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Wu, Yan, Luo, Anthony, Xu, Dianxiang.  2019.  Forensic Analysis of Bitcoin Transactions. 2019 IEEE International Conference on Intelligence and Security Informatics (ISI). :167—169.
Bitcoin [1] as a popular digital currency has been a target of theft and other illegal activities. Key to the forensic investigation is to identify bitcoin addresses involved in bitcoin transfers. This paper presents a framework, FABT, for forensic analysis of bitcoin transactions by identifying suspicious bitcoin addresses. It formalizes the clues of a given case as transaction patterns defined over a comprehensive set of features. FABT converts the bitcoin transaction data into a formal model, called Bitcoin Transaction Net (BTN). The traverse of all bitcoin transactions in the order of their occurrences is captured by the firing sequence of all transitions in the BTN. We have applied FABT to identify suspicious addresses in the Mt.Gox case. A subgroup of the suspicious addresses has been found to share many characteristics about the received/transferred amount, number of transactions, and time intervals.
Ko, Wilson K.H., Wu, Yan, Tee, Keng Peng.  2016.  LAP: A Human-in-the-loop Adaptation Approach for Industrial Robots. Proceedings of the Fourth International Conference on Human Agent Interaction. :313–319.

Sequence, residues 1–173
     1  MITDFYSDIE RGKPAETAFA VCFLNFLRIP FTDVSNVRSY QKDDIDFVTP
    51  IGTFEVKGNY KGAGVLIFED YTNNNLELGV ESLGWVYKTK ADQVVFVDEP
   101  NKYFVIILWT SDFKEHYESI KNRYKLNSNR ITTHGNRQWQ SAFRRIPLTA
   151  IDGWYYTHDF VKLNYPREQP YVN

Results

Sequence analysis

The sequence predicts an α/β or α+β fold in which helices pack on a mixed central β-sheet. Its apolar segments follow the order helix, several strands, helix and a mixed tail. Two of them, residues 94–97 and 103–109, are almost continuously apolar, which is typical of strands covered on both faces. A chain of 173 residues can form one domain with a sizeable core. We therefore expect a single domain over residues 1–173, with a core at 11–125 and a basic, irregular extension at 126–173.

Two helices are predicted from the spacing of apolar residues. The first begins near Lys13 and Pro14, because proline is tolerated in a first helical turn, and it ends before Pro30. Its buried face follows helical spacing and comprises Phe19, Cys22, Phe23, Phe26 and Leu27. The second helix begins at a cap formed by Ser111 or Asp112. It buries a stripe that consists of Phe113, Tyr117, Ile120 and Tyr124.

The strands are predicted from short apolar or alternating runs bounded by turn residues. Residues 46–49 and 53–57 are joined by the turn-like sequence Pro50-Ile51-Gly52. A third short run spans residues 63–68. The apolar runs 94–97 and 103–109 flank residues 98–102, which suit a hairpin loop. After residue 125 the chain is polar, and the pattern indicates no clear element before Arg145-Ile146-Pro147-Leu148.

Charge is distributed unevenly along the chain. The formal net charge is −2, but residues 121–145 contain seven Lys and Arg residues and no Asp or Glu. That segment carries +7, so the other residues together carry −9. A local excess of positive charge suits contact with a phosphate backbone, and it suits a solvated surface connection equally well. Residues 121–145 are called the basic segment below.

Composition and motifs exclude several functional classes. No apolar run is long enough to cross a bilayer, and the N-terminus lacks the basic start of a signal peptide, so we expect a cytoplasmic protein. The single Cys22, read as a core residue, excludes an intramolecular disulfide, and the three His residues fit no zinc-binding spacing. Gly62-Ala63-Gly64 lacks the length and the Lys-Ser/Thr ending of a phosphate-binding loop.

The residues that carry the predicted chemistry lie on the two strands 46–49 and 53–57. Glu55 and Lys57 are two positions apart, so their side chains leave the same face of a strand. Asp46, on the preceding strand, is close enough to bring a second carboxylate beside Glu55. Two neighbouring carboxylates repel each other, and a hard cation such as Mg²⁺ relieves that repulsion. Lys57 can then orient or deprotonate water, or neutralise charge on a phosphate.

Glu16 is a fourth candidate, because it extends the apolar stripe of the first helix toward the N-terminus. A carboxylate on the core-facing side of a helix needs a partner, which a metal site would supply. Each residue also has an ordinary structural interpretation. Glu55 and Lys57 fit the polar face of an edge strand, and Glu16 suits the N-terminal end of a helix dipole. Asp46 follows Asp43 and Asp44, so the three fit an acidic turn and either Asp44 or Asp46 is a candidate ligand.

In the last few years, a shift from mass production to mass customisation is observed in the industry. Easily reprogrammable robots that can perform a wide variety of tasks are desired to keep up with the trend of mass customisation while saving costs and development time. Learning by Demonstration (LfD) is an easy way to program the robots in an intuitive manner and provides a solution to this problem. In this work, we discuss and evaluate LAP, a three-stage LfD method that conforms to the criteria for the high-mix-low-volume (HMLV) industrial settings. The algorithm learns a trajectory in the task space after which small segments can be adapted on-the-fly by using a human-in-the-loop approach. The human operator acts as a high-level adaptation, correction and evaluation mechanism to guide the robot. This way, no sensors or complex feedback algorithms are needed to improve robot behaviour, so errors and inaccuracies induced by these subsystems are avoided. After the system performs at a satisfactory level after the adaptation, the operator will be removed from the loop. The robot will then proceed in a feed-forward fashion to optimise for speed. We demonstrate this method by simulating an industrial painting application. A KUKA LBR iiwa is taught how to draw an eight figure which is reshaped by the operator during adaptation.